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Hearing Birds Fly: A Year in a Mongolian Village Paperback – 23 Jan 2003
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With a skill and art quite extraordinary for a first book ... the reader is drawn into the world she describes through the warmth of her friendships and the sympathy and generosity with which she treats all aspects of her subject. I put the book down finally with a sense of absolute satisfaction, having spent the last few hours beneath the spell of a writer of real integrity and power (Chris Stewart)
Her great strength is telling the villager s' stories, which she does with an engaging blend of charm, directness, humour and awe at the power of nature... It is a mark of Waugh's success that the romantic terra incognita she describes, helped by unsentime (TLS)
An elegy to a remarkable part of the world. (SUNDAY TIMES)
Waugh has captured the starkly beautiful landscapes in restrained descriptive passages, but the most fascinating aspect of her narrative is her portrayal of the villagers and the nomads she meets higher up the mountains... HEARING BIRDS FLY is an extraordi (OBSERVER)
* Wonderfully accessible travel book on an inaccessible country - Outer Mongolia.See all Product description
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Top Customer Reviews
The book is a rare and insightful look at the lives of the proud peoples of the Tsengel village and also an interesting look at how in some areas of the world the turn of the seasons is still the guiding hand to all activities that go on.
Louisa's style is warm and friendly and she never comes across as an arrogant foreigner scoffing at the primitive ways of the people. Likewise the people themselves come across to the reader as a noble and dignified folk, who do not generally begrudge their hard existence and yet can enjoy lighter moments as well. It was also refreshing to read that although Louisa's point of view was obviously from a female perspective and her closer friends were all women, she doesn't allow her writing to become a feminist crusade. The frankness of her writing is also a great credit to her.
The names of the villages are difficult to follow and more than once I had to refer to the handy guide of characters at the front of the book, and likewise, even though Louisa doesn't bombard the reader with Mongolian phrases there is a simply glossary of common phrases at the start. The one criticism I have is that there simply aren't enough photos of both the area and the people. I'm guessing this was done purposely for the privacy of the inhabitants, but it would have been nice for some more for the nosey reader!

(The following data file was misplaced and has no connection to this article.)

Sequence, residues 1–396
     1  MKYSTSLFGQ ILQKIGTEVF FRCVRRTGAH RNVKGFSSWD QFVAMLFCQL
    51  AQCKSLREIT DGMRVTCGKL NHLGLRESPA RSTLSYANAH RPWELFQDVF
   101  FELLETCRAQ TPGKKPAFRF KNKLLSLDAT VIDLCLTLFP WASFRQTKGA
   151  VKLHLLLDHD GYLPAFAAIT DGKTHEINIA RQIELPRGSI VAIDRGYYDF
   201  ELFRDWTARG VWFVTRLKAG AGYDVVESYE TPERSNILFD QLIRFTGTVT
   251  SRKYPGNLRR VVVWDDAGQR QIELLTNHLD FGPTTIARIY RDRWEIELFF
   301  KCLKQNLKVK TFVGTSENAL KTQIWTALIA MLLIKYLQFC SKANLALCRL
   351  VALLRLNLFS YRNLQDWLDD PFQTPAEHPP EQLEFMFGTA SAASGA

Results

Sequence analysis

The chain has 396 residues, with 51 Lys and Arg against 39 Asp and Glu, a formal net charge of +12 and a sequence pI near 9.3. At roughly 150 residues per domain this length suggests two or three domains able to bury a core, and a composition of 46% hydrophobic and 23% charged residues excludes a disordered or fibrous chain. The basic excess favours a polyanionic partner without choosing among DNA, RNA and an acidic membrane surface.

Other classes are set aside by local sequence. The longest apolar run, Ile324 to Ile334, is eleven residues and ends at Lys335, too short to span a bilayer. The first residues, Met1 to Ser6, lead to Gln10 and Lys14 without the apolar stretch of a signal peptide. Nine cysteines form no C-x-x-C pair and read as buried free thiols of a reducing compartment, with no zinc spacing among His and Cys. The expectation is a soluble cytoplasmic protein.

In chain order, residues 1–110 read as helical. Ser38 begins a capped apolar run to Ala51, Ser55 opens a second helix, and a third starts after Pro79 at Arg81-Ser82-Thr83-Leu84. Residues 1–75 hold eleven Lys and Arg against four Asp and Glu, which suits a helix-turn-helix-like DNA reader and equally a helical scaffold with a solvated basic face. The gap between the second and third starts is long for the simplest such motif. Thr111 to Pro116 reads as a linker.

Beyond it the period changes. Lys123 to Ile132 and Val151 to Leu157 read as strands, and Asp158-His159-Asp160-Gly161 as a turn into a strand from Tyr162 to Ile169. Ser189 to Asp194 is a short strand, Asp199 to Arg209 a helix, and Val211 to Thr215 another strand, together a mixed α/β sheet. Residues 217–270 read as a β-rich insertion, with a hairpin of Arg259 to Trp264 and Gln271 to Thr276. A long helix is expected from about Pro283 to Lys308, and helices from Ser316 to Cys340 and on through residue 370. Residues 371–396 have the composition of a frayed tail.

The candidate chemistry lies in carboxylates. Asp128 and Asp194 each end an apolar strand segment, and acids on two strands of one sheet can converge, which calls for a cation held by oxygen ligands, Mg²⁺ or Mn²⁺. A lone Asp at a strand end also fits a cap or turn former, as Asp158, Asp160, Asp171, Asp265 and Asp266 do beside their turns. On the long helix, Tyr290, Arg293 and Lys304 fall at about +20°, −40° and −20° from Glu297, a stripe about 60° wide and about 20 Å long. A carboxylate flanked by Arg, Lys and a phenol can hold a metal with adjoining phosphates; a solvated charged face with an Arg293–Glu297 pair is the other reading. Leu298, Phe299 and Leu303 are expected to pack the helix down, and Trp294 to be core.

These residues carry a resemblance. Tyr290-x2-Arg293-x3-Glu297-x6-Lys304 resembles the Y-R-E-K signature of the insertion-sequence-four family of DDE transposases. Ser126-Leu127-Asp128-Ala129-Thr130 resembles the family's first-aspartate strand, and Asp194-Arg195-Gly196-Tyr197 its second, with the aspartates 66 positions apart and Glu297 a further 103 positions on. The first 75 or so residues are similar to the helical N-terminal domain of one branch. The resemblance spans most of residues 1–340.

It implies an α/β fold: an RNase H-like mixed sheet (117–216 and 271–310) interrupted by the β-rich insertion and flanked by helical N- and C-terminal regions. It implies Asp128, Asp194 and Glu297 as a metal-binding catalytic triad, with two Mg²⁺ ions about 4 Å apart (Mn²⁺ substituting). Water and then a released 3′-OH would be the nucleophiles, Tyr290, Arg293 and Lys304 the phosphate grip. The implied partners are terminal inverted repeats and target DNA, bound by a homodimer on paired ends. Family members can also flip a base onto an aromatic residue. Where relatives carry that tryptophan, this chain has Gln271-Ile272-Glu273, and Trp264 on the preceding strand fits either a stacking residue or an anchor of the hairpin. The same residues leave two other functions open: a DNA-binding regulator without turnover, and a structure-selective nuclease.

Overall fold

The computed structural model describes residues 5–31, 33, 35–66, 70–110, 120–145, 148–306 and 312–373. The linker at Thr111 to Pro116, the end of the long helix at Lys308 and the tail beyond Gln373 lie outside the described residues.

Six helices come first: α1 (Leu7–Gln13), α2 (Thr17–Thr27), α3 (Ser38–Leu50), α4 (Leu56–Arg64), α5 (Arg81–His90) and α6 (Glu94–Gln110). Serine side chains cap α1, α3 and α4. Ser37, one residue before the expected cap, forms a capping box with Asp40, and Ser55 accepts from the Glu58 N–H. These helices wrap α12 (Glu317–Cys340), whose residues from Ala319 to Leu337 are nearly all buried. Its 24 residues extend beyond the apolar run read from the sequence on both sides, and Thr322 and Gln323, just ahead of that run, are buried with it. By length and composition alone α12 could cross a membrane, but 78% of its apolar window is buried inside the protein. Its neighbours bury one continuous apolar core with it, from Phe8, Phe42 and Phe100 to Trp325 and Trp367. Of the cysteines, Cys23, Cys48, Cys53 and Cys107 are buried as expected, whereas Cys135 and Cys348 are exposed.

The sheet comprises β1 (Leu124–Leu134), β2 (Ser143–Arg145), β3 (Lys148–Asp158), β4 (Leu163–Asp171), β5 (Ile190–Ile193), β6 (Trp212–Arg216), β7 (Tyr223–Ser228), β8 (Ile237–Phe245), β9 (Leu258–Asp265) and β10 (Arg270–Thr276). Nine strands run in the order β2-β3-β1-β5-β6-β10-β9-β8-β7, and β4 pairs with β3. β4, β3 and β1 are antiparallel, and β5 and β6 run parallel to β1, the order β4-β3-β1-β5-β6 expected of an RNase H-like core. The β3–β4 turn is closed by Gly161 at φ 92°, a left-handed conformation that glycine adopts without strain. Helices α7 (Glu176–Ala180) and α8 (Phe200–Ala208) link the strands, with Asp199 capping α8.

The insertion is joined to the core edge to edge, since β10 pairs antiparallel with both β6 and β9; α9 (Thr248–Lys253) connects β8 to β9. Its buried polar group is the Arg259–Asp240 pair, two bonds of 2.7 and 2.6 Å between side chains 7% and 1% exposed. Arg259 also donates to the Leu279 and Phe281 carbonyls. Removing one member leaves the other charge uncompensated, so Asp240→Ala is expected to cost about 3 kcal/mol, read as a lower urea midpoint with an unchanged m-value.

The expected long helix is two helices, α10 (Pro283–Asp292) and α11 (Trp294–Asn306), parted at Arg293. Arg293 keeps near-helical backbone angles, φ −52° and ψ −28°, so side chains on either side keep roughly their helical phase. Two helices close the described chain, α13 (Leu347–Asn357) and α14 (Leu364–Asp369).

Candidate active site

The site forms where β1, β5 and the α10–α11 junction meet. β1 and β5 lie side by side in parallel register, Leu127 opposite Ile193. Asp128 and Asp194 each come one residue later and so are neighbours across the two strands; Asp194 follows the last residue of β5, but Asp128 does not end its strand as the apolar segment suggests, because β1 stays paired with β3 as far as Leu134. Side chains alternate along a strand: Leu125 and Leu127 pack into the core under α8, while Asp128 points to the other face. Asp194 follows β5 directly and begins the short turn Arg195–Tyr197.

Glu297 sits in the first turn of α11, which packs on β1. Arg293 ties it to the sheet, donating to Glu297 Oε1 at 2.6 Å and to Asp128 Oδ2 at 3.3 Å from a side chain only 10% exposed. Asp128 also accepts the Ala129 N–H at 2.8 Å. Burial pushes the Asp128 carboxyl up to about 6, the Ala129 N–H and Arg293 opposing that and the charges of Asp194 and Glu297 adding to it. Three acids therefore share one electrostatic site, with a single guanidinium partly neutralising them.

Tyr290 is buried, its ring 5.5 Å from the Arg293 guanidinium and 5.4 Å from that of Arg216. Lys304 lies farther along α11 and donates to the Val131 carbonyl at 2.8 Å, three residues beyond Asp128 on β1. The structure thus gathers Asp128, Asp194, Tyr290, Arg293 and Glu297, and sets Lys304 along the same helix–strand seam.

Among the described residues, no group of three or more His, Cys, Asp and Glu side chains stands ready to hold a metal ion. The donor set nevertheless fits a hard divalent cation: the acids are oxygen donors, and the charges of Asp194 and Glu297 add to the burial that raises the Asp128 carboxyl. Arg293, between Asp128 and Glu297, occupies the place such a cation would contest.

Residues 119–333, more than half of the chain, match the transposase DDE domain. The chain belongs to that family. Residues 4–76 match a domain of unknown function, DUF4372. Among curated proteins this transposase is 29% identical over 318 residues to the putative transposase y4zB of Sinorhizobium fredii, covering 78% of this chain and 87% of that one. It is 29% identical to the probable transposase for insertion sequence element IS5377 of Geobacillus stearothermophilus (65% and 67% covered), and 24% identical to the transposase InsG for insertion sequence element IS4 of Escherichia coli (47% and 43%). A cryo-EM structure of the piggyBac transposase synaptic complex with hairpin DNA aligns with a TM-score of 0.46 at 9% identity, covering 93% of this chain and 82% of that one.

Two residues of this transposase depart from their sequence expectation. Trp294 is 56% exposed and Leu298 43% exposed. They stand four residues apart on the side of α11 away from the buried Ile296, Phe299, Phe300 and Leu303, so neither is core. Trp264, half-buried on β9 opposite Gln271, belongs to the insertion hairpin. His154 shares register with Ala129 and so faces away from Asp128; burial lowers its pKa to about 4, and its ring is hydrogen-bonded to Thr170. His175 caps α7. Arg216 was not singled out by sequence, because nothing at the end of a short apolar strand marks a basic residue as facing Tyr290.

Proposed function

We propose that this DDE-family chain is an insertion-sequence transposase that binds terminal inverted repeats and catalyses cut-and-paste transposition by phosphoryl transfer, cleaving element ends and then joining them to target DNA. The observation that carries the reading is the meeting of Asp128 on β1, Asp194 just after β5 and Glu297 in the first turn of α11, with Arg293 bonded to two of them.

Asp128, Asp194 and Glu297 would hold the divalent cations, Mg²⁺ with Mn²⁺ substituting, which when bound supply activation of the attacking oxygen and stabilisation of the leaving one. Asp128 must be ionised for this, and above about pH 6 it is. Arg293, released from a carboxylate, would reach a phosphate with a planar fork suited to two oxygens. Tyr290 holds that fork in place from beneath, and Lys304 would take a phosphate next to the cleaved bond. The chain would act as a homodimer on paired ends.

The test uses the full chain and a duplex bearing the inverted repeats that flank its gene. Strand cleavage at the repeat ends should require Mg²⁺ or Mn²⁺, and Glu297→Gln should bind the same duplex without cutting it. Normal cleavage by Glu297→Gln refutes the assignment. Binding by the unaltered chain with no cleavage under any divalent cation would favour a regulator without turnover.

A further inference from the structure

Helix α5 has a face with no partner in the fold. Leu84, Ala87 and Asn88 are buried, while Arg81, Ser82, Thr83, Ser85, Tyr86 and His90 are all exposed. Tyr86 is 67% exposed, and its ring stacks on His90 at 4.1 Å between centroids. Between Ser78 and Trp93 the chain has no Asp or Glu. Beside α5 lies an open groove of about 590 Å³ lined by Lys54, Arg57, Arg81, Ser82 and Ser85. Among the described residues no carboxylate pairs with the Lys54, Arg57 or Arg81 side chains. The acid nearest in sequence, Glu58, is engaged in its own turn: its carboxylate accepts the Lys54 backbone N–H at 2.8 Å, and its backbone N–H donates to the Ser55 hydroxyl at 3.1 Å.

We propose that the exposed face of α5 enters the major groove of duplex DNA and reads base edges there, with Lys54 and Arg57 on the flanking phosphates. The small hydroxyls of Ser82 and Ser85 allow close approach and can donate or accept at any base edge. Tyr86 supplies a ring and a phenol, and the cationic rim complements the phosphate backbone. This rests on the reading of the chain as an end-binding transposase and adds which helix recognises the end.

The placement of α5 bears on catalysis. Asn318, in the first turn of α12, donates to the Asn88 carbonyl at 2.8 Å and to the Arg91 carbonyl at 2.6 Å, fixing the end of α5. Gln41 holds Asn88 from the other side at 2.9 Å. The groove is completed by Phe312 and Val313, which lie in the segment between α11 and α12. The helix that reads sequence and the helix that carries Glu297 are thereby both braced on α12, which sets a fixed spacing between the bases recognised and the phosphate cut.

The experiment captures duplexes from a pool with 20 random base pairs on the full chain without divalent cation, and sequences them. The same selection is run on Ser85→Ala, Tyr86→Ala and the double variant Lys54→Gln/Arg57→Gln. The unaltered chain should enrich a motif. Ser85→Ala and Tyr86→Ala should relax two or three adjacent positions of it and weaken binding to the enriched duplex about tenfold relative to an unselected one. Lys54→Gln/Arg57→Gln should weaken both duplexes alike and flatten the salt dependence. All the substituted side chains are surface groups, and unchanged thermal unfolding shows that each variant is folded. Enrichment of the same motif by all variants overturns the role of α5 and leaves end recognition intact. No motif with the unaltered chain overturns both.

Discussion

The book was warm, sentimental, (but still factual) and extremely satisfying. I would actively seek out other books by Ms Waugh.
Like most people who love to travel, Louisa wanted an insight into the real life and culture of the country, and to do that, she had to travel beyond the beaten track, to a place where you wouldn't have been able to communicate to a single soul unless you at least spoke Mongolian. Of course, most of us can't, and in any case wouldn't have the strength of mind to live in a village where you can freeze to death in the winter if you don't make your fire properly (there's no electricity or central heating), and where the people don't only not speak your language, but are culturally different, and consistently eye you with suspicion and distrust. Louisa's isolated in this alien world, where phoning home isn't even an option, and you can't help but admire her strength of will and determination to simply survive the day-to-day. Just waking up and making a cup of tea is a struggle.
It's in this way that Louisa takes the romanticism out of travel, and brings your head-in-the-clouds back down to earth with a welcome smack of reality, making you realise that if you truly want to experience what a different culture is, it will take at least a year, and you will spend most of that time lonely, wretched and surviving.Read more ›
Although I found the writing style a little dull, I would recommend the book on two counts. First is for the information about nomadic lifestyles. Secondly is for the opportunity to reflect on westerners living and attempting to become a part of remote cultures, particularly when the experience is to be commoditised into a book.
Most Recent Customer Reviews
Louisa's frank and open style is refreshing. She describes the people and places, and her personal experiences of being in this tough, remote location.Published 18 months ago by E. Postlethwaite
Waugh captured me from the beginning and I immediately related to her adventurous spirit.
You feel Waugh break through many emotional barriers and her writing reflects... Read more
Well written. Honest. Transports you to a place that has changed little over many centuries by providing the daily detail of life on the Steppe.Published on 1 Dec. 2014 by Stephen J. Oneil
An excellent read which was recommended to me by a friend who goes to a book group - I am so glad she did.Published on 4 April 2014 by Amazon Customer
An excellent insight into life in a Mongolian village. Useful for anyone planning to visit Mongolia or after a visit. Highly recommended.Published on 28 Sept. 2013 by Mrs. A. M. Brooksby
Although the sub-title to this book is 'A nomadic year in Mongolia', the author spends most of her time in a small, drab settlement in the predominantly Kazakh region of the... Read morePublished on 26 Sept. 2012 by MacD
Very good, wish I had read it before my trip to Mongolia. A seemingly true insight into the the life of the Mongolian NomadsPublished on 18 Dec. 2011 by crazycowgirl